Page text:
Treasures from Nebraska Museums
The NSHS works hard to collect and preserve Nebraska history, but we don’t do it alone. Historical organizations and museums dot our ninety-three counties and contain many treasures. To support their work in preserving our collective history, we’ve started a program called Treasures from Nebraska Museums. We’ll showcase items from the collections of various Nebraska historical organizations through an exhibit at the Nebraska History Museum in Lincoln, our newsletter Nebraska History News, and through this blog. The ”treasures” will change every three months, allowing us to share the good work of four organizations each year.
We begin with the Louis E. May Museum/Dodge County Historical Society, located in Fremont, Nebraska’s “Nye House.”
Photo by Rader Photography (above).
Built around 1874 by Theron Nye, the house was an Italianate structure until Theron’s son, Ray, renovated it in a Georgian revival style. In 1921 it was sold to the Lutheran church for use as a seminary in 1921; in 1968 the Louis E. May Trust bought it to house a historical museum for the citizens of Dodge County. The house is fully furnished and features period rooms and exhibits about Dodge county citizens, businesses, and events. The museum is located at 1643 North Nye Ave. in Fremont. It is open April–December, Wednesday–Saturday, 1:30-4:30 p.m. Admission is $5 for adults, $1 for students, ages five and under free. 402-721-4515, maymuseum.com.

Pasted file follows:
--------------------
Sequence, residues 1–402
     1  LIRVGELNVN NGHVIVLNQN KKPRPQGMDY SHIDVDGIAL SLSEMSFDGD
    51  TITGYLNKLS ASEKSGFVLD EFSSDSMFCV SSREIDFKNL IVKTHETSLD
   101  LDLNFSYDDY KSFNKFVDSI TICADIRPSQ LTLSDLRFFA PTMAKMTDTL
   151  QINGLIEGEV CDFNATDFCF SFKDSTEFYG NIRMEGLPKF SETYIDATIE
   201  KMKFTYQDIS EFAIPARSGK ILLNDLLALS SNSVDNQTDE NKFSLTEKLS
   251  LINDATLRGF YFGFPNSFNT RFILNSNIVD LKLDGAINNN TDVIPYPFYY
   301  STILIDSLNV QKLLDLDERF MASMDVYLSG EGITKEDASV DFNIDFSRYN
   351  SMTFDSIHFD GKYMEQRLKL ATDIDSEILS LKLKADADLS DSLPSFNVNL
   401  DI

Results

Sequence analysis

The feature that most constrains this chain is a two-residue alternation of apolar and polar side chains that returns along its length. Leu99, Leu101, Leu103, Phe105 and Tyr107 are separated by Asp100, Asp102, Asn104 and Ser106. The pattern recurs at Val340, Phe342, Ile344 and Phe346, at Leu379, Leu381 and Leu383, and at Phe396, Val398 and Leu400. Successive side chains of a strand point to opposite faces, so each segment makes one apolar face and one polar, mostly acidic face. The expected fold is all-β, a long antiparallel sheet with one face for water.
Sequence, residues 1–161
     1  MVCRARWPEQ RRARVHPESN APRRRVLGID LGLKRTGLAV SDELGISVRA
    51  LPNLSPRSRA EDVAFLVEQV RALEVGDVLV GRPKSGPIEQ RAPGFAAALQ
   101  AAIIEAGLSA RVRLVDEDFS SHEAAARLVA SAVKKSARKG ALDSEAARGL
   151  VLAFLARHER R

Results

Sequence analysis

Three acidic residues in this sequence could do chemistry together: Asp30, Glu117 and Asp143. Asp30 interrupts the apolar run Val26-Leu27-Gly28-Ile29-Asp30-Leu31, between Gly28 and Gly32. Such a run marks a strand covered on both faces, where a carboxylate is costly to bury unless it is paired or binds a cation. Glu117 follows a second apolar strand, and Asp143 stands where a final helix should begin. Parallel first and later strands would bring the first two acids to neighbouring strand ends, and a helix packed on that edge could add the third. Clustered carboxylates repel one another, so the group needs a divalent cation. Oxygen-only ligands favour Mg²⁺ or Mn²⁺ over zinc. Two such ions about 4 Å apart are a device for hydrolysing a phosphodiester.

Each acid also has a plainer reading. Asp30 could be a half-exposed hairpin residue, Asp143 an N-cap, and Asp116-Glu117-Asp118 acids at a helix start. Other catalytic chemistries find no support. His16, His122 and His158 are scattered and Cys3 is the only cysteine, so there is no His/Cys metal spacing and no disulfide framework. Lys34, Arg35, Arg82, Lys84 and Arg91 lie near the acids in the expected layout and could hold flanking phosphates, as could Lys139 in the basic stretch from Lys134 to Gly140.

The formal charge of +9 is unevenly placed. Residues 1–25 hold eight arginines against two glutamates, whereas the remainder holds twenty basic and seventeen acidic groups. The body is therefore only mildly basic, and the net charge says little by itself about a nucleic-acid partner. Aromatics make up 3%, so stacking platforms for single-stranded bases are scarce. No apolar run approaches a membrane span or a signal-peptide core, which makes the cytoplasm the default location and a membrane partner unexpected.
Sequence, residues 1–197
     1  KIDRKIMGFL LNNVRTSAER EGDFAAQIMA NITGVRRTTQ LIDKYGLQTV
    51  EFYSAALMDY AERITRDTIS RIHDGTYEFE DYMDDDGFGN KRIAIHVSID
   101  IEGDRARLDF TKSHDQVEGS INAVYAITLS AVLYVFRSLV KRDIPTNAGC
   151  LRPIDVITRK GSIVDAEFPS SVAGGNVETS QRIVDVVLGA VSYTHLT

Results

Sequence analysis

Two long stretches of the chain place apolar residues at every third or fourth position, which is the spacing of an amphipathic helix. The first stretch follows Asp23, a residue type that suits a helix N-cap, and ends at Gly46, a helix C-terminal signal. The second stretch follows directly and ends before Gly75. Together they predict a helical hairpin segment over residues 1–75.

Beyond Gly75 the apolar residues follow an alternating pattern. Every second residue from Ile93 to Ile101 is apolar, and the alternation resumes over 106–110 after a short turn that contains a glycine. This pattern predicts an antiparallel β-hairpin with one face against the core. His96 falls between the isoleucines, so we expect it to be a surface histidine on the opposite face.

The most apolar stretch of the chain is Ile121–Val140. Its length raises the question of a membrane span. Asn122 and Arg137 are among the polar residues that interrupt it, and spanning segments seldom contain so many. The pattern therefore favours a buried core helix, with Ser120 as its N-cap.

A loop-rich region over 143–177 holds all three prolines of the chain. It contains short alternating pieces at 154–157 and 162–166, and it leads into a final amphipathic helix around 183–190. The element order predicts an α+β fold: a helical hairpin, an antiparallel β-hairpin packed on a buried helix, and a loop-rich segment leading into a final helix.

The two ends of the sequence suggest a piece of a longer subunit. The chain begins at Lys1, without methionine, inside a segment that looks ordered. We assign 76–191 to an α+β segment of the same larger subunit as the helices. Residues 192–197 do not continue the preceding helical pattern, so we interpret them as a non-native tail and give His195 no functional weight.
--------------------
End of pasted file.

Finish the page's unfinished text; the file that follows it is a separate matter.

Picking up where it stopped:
Automatic Harp, with a music box inside (at right), used by the Fremont Independent Order of the Odd Fellows around 1900. It is unknown if it was actually played as an instrument.
Windows from the African Methodist Episcopal Church in Fremont (at right). These windows, from about 1910, are backed with decorative paper to give the appearance of stained glass. The church was torn down around 1955.
Bread bowl (at right), four feet in diameter, used at the Breitling Bakery in Fremont (which closed in 1903). The Breitling family emigrated from Germany and owned a bakery in Genoa, Nebraska, prior to opening their Fremont shop. Bread ingredients would be mixed in this bowl and then left to rise. Such a large bowl would produce many loaves—appropriate for commercial use.
–Deb Arenz, Associate Director for Collections